Today marks a special anniversary in the annals of golf history.
On this day 67 years ago -- Jan. 6, 1950 -- Ben Hogan returned to competitive golf at the Los Angeles Open, 11 months after a near-fatal car accident.
On Feb. 2, 1949, Hogan and his wife, Valerie, narrowly survived a head-on collision with a Greyhound bus in Texas. In a successful attempt to save his wife's life by throwing himself in front of her, Hogan likely also saved his own life since the steering column punctured he driver's seat.
Hogan, 36 at the time, suffered a double-fracture of the pelvis, a fractured collar bone, a left ankle fracture, a chipped rib, and near-fatal blood clots: he would suffer lifelong circulation problems and other physical limitations.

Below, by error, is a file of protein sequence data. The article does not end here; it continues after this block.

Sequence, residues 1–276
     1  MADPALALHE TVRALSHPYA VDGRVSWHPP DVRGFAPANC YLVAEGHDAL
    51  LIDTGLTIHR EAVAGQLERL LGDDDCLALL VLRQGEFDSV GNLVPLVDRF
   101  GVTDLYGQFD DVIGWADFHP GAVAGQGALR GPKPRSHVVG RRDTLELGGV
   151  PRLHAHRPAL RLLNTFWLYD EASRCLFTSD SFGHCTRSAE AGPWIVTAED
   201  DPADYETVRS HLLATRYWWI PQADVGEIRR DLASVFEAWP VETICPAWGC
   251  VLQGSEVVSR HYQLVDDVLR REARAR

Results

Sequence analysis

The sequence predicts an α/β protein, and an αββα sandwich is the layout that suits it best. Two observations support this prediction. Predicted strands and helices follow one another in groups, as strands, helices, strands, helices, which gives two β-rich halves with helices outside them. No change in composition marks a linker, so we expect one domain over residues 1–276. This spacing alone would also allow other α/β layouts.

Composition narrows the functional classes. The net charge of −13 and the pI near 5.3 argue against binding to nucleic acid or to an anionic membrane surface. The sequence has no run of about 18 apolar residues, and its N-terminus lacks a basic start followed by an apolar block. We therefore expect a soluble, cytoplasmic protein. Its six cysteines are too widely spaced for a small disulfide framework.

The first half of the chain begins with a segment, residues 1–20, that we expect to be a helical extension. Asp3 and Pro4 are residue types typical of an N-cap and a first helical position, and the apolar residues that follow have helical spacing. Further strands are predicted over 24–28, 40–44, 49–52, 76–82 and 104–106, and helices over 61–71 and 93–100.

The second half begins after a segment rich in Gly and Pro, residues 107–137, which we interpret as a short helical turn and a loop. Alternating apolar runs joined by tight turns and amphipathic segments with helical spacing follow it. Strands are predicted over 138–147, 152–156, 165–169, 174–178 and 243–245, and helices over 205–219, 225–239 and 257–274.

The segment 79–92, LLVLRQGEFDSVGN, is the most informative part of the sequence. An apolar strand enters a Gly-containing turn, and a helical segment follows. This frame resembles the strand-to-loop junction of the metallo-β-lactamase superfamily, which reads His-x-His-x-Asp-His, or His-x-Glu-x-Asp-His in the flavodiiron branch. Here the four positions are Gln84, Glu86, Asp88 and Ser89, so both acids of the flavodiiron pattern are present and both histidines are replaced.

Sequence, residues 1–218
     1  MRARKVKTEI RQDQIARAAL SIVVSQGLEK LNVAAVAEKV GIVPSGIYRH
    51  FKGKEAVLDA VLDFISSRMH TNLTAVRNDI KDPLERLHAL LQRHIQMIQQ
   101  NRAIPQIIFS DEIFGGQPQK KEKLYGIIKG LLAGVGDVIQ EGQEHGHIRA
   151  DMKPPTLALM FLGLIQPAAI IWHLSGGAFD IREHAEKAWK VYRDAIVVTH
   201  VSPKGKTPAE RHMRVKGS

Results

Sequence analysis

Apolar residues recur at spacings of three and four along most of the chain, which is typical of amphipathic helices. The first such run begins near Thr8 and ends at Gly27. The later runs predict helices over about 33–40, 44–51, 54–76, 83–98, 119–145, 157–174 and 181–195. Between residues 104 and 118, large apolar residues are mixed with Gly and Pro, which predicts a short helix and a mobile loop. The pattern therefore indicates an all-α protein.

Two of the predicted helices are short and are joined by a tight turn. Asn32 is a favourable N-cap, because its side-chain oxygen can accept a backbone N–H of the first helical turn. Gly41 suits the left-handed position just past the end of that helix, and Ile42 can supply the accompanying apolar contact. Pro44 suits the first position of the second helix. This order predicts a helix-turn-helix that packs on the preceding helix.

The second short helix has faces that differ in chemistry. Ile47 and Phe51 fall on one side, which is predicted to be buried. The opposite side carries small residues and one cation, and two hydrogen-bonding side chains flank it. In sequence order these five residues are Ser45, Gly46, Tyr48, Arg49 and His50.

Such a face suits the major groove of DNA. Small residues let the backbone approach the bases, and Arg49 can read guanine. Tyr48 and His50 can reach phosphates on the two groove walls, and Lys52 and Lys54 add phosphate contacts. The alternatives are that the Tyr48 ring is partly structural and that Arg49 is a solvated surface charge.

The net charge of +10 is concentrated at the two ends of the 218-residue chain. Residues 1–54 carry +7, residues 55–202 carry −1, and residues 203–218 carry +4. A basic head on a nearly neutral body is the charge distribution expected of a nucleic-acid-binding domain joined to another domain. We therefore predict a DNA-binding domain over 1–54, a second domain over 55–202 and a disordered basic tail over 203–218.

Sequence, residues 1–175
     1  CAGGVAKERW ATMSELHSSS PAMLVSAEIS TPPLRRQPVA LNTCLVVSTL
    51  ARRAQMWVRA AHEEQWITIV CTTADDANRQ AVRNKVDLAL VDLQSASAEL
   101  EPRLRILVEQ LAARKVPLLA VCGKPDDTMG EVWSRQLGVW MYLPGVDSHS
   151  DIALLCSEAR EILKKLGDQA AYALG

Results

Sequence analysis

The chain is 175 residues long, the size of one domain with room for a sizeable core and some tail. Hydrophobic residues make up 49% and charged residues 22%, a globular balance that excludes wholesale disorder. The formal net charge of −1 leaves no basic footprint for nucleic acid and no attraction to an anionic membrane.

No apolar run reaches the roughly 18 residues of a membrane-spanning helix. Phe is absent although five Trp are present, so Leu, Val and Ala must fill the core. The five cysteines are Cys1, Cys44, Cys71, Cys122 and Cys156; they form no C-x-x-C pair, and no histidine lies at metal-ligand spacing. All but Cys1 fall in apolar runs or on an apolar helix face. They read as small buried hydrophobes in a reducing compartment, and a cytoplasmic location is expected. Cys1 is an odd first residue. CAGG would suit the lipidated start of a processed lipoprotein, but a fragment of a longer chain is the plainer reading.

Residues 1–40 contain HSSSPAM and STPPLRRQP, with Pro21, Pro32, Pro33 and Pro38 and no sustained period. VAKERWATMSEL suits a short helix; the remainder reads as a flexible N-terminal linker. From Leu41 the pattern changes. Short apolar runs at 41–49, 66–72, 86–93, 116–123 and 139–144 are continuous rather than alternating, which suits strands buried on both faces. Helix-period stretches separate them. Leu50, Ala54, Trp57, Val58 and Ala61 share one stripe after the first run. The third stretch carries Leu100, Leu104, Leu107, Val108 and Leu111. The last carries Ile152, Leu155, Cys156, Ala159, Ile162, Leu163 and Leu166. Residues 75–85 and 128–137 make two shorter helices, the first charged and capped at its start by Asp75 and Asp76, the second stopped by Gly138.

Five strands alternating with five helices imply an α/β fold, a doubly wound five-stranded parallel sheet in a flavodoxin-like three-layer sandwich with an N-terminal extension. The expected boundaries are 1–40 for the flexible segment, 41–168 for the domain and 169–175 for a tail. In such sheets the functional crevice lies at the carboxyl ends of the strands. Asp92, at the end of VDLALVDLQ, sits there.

Fifty-nine days after the accident, Hogan was out of the hospital and by November of that year, he resumed golf activities.
In that LA Open return, Hogan was outstanding, eventually losing a playoff to Sam Snead.
Post-accident, Hogan would win 11 more times on the PGA Tour, including six of his nine major championships. One of those majors was the 1950 U.S. Open at Merion, site of his iconic 1-iron shot, just a little more than a year after the accident.
Hogan, a captain of three Ryder Cup USA teams, would end his career with 64 PGA Tour victories, which is fourth all time.